Due to all this, when my 18th birthday came, I no longer wanted a strong network of friendships or an active social life or a perfect family. I wanted to establish my identity. I wanted to accept who I was, and only change for the better. I wanted to start having a set of aims and goals for life. I realised that I would never able to make true friends if I kept faking my attitude and repressing my views. I realised that my family may never accept who I am, and I can’t allow their opinion to be a ghost haunting me during my whole life. I realised that my happiness was more important than fitting in society. Being fake and following the current didn’t get me anywhere but to misery and loneliness. So, I decided that I would have to find myself, before trying to find anything else. And that’s the piece of advice I want to give you all.
You will never be comfortable in a place if you fake your personality and your likes. It is ok to adapt to situations: of course you are not going to act the same in your workplace and with your friends down the pub. But if for instance, you don’t like sports, don’t act as if you like them just to be accepted by your colleagues. Make them know sports aren’t your favourite thing in the world, but you enjoy other things such as reading or cooking. If you don’t like what your friend has said about a topic such as feminism, don’t just nod and accept it. Tell them you don’t agree and share your opinion too. If your parents want you to study an academic subject, but you rather study a vocational/artistic course, just follow your heart. It is your life, your decision.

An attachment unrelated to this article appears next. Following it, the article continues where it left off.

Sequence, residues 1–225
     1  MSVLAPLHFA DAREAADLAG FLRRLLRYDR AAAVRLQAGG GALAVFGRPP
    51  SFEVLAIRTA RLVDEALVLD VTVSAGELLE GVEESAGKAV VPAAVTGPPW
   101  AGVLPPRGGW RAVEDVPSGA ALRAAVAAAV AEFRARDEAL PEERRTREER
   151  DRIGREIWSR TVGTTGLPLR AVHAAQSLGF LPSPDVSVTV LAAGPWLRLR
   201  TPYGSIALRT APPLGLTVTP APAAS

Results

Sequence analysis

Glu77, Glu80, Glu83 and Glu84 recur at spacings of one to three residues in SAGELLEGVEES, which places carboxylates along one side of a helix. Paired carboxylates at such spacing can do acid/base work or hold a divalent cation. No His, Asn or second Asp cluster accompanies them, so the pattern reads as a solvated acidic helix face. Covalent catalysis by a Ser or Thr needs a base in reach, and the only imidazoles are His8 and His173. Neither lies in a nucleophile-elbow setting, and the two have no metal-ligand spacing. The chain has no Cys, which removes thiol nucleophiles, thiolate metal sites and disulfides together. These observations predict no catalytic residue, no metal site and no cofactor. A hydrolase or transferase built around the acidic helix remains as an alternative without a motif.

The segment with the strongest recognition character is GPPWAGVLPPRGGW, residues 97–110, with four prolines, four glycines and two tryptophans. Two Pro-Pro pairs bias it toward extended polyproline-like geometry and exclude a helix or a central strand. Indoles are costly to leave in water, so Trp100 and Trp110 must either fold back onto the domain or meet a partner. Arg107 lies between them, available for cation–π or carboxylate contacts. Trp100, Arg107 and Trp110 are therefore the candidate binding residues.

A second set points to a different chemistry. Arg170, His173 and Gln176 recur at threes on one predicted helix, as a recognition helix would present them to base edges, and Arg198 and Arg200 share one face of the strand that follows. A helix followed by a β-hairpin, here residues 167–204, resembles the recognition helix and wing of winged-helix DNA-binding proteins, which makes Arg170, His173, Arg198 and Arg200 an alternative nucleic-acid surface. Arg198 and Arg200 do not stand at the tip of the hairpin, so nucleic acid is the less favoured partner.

What is the point in pleasing others, if you are not pleasing yourself at the same time? Since we are little we are taught to do things to make our parents proud, to get a good job, to achieve a high status, to make money, to marry and have children… However, what about our OWN dreams, goals and desires? Not everyone wants to be rich. Not everyone wants a high status. Not everyone wants to have children. Not everyone wants to marry. There is no “correct” way of living. Just a traditional way which is diverse across different cultures and societies. And you don’t need to follow any of those ways. As the unique human being you are, you can create your own one.
Religion and spiritualism are one of the main approaches to discovering who you are, because they offer wisdom and a non-scientific view of life, which is often needed for people to make sense of what is going on in their surroundings. However, there are other methods. If you feel lost and you don’t know who you are, my advice would be trying new things. Submerge yourself in new experiences, having your main likes as reference. For instance, if you are interested in cultures, you could try and save money to fund yourself a year of travelling. Or conversely, you could look for organisations in your area that work towards the promotion of multiculturalism and integration, and work/volunteer for them.
So yeah: find yourself before finding anything else. In order to be happy, this is a step that must be taken. And, how can you find yourself? Easily: Be yourself. Do your thing. Speak your thoughts. Accept your body. Dress as you like. Have your own dreams. Only change for you. And for the better.
Sharing some advice,
Emilie H. Featherington